Olivia Newton-John continually uses her platform to advocate for cancer research and now she is taking it a step further with the launch of her new foundation.
The four-time Grammy Award-winning singer and actress, who is currently battling breast cancer for the third time, launched the Olivia Newton-John Foundation this month to fund research for treatments and therapies to cure cancer.
The star was first diagnosed with breast cancer in 1992 and again in 2013. She revealed in 2018 that the disease returned and metastasized to her spine.
In a recent interview with "Good Morning America," the actress, 72, revealed she is "feeling really good" and spoke about what led her to launch this new charity.
"I feel really positive and very excited about bringing this foundation and a lot of knowledge to people, and funding research to find out lots of answers -- to find kinder treatments for cancer," she shared.
"The inspiration has been a long one because I've been on this cancer journey for 28 years," she added. "I'm a thriver of three times going through this process."
Having gone through surgery, chemotherapy and radiation, she said she now is interested in funding treatments that aren’t as taxing to the body. "I've always thought, 'Gosh, wouldn't it be wonderful if we could create kinder therapies that help boost the body's immune system instead of knocking us down?'" she said.
Newton-John is an outspoken advocate for plant medicine and says that’s largely due to the influence of her husband, John Easterling. She affectionately calls him "Amazon John" because he spent several years in the Amazon rain forest learning about this type of medicine.
"I'm very lucky that I have him in my corner, and teaching me about the plants and the herbs," she said. "He grows cannabis for me and I take tinctures that have helped me greatly."
Ongoing efforts are being made to research what role cannabis may play in the future. "While some like Newton-John find relief of cancer-related pain and nausea from cannabis, it has not clinically proven to be the best choice," according to health expert Dr. Imran Ali, a contributor to the ABC News Medical Unit.
Newton-John says she believes there is a significant lack of progress in research for these treatments.
"There are lots of ideas on how we can help people with cancer and treat cancer, but there's been no real science behind the studies," she explained. "So the idea is to raise money to fund the research on the other kinds of things that are kinder, including a lot of plant medicine."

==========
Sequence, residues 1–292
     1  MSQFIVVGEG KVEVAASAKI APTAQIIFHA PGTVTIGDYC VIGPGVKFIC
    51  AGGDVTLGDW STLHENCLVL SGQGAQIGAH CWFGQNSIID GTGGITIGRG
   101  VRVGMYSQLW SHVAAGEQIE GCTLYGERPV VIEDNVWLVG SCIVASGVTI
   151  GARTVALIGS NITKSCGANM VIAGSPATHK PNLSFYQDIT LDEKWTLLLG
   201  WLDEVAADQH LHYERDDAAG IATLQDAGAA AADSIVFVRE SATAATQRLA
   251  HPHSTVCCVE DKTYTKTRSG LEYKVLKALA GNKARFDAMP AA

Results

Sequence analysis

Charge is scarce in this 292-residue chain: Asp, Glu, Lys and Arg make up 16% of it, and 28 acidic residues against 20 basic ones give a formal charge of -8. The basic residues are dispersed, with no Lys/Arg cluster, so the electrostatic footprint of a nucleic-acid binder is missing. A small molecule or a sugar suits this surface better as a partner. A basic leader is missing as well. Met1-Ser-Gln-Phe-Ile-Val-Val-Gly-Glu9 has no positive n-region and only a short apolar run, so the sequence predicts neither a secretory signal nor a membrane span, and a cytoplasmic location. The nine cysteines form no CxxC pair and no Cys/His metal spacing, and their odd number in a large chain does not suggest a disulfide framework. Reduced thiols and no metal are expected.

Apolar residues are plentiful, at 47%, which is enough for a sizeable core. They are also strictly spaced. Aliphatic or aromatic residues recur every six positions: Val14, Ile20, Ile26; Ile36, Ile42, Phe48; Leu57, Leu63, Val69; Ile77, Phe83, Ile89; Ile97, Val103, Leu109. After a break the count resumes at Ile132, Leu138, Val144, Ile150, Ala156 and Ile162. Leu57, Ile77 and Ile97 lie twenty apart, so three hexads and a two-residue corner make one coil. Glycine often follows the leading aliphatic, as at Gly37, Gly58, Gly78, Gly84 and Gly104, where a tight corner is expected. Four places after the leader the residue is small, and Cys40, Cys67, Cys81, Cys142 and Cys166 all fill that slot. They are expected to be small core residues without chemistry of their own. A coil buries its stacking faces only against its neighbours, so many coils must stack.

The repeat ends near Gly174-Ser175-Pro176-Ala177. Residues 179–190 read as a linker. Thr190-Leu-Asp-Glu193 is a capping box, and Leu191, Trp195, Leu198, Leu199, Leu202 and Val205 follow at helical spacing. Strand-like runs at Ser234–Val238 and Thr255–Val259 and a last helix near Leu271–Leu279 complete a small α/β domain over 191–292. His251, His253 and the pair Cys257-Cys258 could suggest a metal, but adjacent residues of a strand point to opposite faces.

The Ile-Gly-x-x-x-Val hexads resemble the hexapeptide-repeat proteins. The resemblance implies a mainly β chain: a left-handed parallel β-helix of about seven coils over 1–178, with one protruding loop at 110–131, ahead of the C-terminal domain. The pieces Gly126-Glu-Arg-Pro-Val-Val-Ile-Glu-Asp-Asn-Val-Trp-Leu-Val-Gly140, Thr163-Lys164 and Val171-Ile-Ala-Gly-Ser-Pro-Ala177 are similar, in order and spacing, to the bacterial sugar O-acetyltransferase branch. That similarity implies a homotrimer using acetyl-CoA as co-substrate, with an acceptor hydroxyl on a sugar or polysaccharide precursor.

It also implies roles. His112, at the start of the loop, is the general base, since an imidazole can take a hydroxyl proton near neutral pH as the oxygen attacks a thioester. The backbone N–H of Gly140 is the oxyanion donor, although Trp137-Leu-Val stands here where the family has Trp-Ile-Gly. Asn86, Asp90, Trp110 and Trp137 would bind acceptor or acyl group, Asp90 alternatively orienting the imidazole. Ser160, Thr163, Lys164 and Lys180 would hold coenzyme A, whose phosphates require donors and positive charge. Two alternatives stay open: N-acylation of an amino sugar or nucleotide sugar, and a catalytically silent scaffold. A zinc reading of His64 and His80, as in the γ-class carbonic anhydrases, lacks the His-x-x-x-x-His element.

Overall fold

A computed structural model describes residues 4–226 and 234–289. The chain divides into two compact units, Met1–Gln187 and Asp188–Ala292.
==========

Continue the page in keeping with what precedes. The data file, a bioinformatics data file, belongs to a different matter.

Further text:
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Newton-John is dedicating the foundation to all forms of cancer treatments -- not just breast cancer research -- because she dreams of one day "realizing a world beyond cancer."
"That's everything that drives me forward," she said. "To think that we could help people to live in a world where cancer was just something that you treated like diabetes, or asthma, or the flu, or you know, something that you could live well with, which I'm doing. And I hope to continue to do that for a long time."
She hopes to find ways to "support the body, mind and spirit of people going through cancer" through her new charity.
One of the first efforts she is doing to raise money for the ONJ Foundation is her upcoming auction with Julien’s Auctions on Nov. 30. More than 300 items, including artwork, memorabilia and more, are up for sale. The proceeds from the auction will be donated to her foundation.
Amid the COVID-19 pandemic, Newton-John has been quarantined in her California home with her husband, and she said she is mainly focused on her health and positivity in her life.
"I think being at home so much, which has been wonderful for me because it's a novelty because I've been on the road most of my life it seems ... and to wake up every day and to hear the birds and see the sunshine in the trees," she shared on what she values. "I'm so grateful for every day."
Although the pandemic has largely affected the way many treat and prioritize their health, Newton-John says this is just the way of life for cancer patients.
"Because of this pandemic people have become extremely conscious of their health and how important it is to help boost their immune systems, how to eat properly, and how to protect each other and themselves," she said. "And people with cancer have been going through that, always, and they'll be doing that long after the pandemic is over."
"It's a good time to kind of reinforce the idea that, 'Yes, we're all going through something, but cancer patients have been dealing with this forever, sadly, and going forward, let's help them.’"
Her message to women fighting breast cancer? Prioritize putting yourself first and remember "your mind is such an important part of your healing."
"The first time I had breast cancer was in 1992 and I'm still here," she said. "The treatments weren’t as good then as they are now, and there's a lot of information you can get online on how to support yourself and how to think well."
She urged those fighting cancer to take care of their mental health and surround themselves with good energy.
"We're not just a body going through cancer -- we're a whole human with the mind, body, spirit and soul," she said. "And we need to try and think positive thoughts. We need to surround ourselves with people who are going to give us positivity back. It really helps."
The actress implored survivors to "do something for yourself every day that you love."
She also recommended finding a person in your life to answer questions from those seeking information on your health -- so you can instead put your energy into "doing something that you love doing for yourself."